Artistic director Estelle Shook said it best: art should make you laugh, think and feel.
Shook wrangled a heard of actors and crew members together for Law of the Land, a classic Caravan Farm Theatre farce revived from the depths of 1982.
Featuring some of the same talent who graced the grassy stage in the ’80s, Law of the Land has lost none of its electric sizzle over the past 36 years.
Set in a fictional British Columbia boom prior to the Black Creek Coal Fired Thermal Generating Power Plant’s grand opening, playwright Peter Anderson penned the production as BC Hydro was in the proposal process for the coal-fired thermal generating plant in Hat Creek.
It’s a world where animals judge humans and all are vying to write the law of the land. And, despite its obvious and intentional exaggerations, Anderson’s posed question rings true today amidst the revolving door of rhetoric surrounding both the Site C Dam and Trans Mountain Pipeline.
In Anderson’s fiction, delegates from China, the United States and Russia are in town to consider lending a financial hand to the spineless politician Robert Bomber, played to perfection by Caravan alum Colin Heath who puts his acrobatics on display at various points throughout the two-hour production, while local cowgirl and spinster Clara (Randi Helmers of Ballad of Weedy Peetstraw Hellhound fame) refuses to uproot and allow the plant to overtake her ranch.
Tensions rise as Law of The Land’s Don Quixote the Coal Ranger a.k.a. Will (Aren Okemaysim) and a band of animal bandits led by one wily Coyote (Anderson) get their hands, and paws, dirty.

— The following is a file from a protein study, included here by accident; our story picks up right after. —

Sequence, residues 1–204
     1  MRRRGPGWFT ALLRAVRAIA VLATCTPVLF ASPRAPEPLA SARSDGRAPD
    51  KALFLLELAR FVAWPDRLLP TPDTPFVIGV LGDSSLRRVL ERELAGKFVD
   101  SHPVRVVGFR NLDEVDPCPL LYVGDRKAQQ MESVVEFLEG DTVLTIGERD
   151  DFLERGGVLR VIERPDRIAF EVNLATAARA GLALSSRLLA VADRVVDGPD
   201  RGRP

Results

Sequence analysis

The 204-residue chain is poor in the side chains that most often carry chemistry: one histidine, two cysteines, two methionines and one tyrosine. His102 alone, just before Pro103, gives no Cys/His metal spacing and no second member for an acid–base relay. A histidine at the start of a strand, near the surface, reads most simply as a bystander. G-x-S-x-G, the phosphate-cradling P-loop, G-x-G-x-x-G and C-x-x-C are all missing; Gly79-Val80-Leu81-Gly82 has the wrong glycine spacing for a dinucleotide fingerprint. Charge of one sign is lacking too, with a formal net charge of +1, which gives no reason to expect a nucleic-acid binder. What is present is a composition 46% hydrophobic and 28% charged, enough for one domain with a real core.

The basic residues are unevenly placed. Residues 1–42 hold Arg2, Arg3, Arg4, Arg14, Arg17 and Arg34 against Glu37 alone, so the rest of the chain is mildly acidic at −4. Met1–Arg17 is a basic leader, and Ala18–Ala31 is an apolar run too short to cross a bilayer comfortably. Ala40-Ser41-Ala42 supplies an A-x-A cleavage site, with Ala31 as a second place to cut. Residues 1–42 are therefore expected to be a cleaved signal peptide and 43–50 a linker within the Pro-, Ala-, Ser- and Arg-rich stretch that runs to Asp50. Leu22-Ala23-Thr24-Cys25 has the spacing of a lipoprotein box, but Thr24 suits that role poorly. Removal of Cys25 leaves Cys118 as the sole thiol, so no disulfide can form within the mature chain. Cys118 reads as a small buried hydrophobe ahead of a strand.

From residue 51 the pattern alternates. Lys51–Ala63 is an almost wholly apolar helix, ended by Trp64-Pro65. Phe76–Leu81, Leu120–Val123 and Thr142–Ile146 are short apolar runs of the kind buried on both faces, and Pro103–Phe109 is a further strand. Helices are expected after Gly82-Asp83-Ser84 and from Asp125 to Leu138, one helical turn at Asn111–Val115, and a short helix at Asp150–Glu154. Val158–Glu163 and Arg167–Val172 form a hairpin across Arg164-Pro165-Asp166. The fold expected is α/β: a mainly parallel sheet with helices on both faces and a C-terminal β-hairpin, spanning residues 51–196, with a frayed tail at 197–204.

However, such as it is in real life, the true hero of Law of the Land is often unsung: the local fuzz Brenda.
Brought to life by Naomi Vogt, Brenda is the soot-covered top-star of Law of the Land who brings the production to life both with her narrative-driving dialogue and sheer hilarious deadpan delivery.
Anderson is the other sly star of the story. He fits the role so well, it’s almost as if he wrote it himself.
Betwixt the two, and the slew of other talented troupes, laughs ebb and flow as plot points unravel and story winds its way across the stage and the sun glides across the North Okanagan sky.
Caravan Farm Theatre fits the Law of the Land locale to a tee. It’s a serene setting complete with rolling tree-covered hills and cows watching from across the fields. It’s a truly unique storytelling experience.
While Law of the Land initiates dialogue around environmentalism and economic booms, it doesn’t shove it into the limelight or force an opinion down a gullet like a hand press minces garlic. Despite its poignant discussion, Law of the Land is, at its core, a farce meant to entertain.
That’s what Caravan Farm Theatre does best. Anderson and John Millard’s production hit the proverbial artistic nail outlined by Shook on the head.
Because, at the end of the day, dreams have more power than high tension lines.
Law of the Land runs at Caravan Farm Theatre until Aug. 26. Tickets are available through the Ticket Seller, 250-549-7469, www.ticketseller.ca. Regular Aug. 4-26 are $35, $33 and $15 respectively. “Pay what you can nights” are Aug. 7, 14 and 21 and are no reservations, first-come-first-served. Bring blankets or cushions for the bleacher seats. Tailgate picnics encouraged.